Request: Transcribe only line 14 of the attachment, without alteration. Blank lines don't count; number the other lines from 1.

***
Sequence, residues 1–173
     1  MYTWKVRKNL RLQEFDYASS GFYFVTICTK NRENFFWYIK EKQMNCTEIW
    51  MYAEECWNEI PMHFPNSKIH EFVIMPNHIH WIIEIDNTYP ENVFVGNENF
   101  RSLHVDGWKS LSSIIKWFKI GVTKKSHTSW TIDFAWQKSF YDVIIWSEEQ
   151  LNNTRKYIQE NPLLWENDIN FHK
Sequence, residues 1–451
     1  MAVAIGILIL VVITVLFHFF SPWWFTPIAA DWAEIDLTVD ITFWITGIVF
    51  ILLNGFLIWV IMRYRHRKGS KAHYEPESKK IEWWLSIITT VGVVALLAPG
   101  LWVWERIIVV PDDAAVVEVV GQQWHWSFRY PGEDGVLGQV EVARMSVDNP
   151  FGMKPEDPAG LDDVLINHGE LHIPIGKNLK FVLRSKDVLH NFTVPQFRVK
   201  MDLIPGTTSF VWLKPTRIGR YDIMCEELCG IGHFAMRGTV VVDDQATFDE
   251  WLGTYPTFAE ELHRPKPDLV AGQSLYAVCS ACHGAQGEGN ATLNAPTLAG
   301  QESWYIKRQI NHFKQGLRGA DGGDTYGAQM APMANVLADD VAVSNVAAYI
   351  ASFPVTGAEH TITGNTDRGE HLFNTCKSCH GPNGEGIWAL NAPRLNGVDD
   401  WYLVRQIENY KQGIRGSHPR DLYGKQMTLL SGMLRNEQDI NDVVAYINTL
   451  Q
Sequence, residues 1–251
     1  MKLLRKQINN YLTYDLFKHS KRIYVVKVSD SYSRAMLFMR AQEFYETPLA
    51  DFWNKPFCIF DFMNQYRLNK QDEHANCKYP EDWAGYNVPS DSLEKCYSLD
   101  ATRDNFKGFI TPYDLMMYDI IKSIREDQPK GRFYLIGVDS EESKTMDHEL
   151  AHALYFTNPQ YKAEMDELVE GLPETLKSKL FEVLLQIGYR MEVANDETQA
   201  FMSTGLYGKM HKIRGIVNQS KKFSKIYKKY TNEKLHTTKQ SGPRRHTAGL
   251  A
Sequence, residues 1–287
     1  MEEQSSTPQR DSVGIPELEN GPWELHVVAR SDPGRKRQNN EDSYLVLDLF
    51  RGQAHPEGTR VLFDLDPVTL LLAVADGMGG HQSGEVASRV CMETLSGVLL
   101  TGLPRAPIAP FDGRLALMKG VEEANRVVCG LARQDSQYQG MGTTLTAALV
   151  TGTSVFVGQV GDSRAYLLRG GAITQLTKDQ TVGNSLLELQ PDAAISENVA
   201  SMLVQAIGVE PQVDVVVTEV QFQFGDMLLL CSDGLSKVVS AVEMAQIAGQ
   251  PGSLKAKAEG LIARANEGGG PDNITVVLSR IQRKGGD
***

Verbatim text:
   351  ASFPVTGAEH TITGNTDRGE HLFNTCKSCH GPNGEGIWAL NAPRLNGVDD